Although he wasn’t there for Tito’s interview, Chuck Liddell knew what his old nemesis would say. Shaking his head, Chuck responded, “When Tito says that we were such good friends, I don’t know what he’s talking about. If we were such good friends, why did I never see him outside of training? It was about the business of fighting all the time. He never called me up and asked me to go to a movie or out to dinner or a barbecue on the weekend. That didn’t happen. Sure, we trained together, and I even stayed at his house once when we were training. I didn’t stay at his house because we were best buds: I stayed at his house because he was too cheap to pay for a hotel room. Tito likes to blame Dana and the UFC for our falling out. The truth is way different. You can’t fall out of something that never happened in the first place.”

Tito Ortiz and Chuck Liddell Celebrate _Chuck & Tito_ (Photo by Andrew Hong)

Ultimately, this well-crafted documentary brings illumination to a rivalry that saw Chuck Liddell beat Tito Ortiz twice in the Octagon. Recently, despite misgivings from the MMA community given Liddell’s advanced age of 48, they fought again under Oscar De La Hoya’s Golden Boy MMA banner. Tito easily finished Chuck in the first round for a brutal conclusion to a great rivalry. The documentary allows us to bypass the bitter taste of that last fight, replacing it with a celebration of the contributions of both fighters when they were in their primes. 

When asked if a combat fighter needs a great nemesis to be a great fighter, Chuck Liddell thought for a second, then said, “I believe if you’re a great fighter, you’re a great fighter. You don’t need anything outside of yourself to prove that. However, having a hothead like Tito around helped to stoke the fire. I didn’t need to talk trash like Tito did. I’m not that kind of guy, but his big mouth certainly helped to build up the fights.”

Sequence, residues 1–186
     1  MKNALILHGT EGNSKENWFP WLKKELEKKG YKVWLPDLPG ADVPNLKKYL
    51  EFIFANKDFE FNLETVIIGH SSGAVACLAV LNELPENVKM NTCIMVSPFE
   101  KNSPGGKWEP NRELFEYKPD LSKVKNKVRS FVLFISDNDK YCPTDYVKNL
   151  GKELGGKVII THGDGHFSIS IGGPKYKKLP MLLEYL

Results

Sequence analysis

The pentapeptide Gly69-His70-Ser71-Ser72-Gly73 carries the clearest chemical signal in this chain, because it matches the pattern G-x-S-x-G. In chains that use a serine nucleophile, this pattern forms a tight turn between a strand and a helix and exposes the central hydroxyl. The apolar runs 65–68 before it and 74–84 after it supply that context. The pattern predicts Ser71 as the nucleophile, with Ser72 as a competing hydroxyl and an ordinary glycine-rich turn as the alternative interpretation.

Chuck Liddell Interviewed by John Lavitt (Photo by Andrew Hong)

Following up with an undeniable belief in himself and in his sport, Chuck said, “What I love about fighting is the competition. I never needed a nemesis to be great. It was never about being great; it was about living life as a true fighter. Martial arts is who I am, and I never needed anyone or anything to answer that calling. For me, being a mixed martial artist is about finding focus, keeping balanced, and being authentic.” 

In contrast to Chuck’s working man’s perspective on fighting, Tito celebrates his understanding of a journey that he’s still proud to be taking. Asked if he ever imagined such success, Tito said, “In the beginning, I dreamt of being a world champion. I dreamt of being a millionaire. I dreamt of being a Hall of Famer. I turned those dreams into realities by never turning my back on them. One of the best moments was when I was able to buy my Mom a house for Christmas. I made her that promise, and then I made it happen. I have been able to make my goals happen because I stuck to them, and I am far from being done. I’m forty-four years young, my body is healthy, and the sky’s the limit for me. I have never stopped, and I’m still pushing forward.” 

Indeed, even as they age and transition out of their prime years, our athletic heroes continue to be the men we revered in their glory days. They never lose the quality of being champions. At the premiere, the star presence of both Chuck Liddell and Tito Ortiz was undeniable. Whether they are fighting in the Octagon or hanging out on the red carpet, both of these living legends shine bright like fiery stars in the night sky.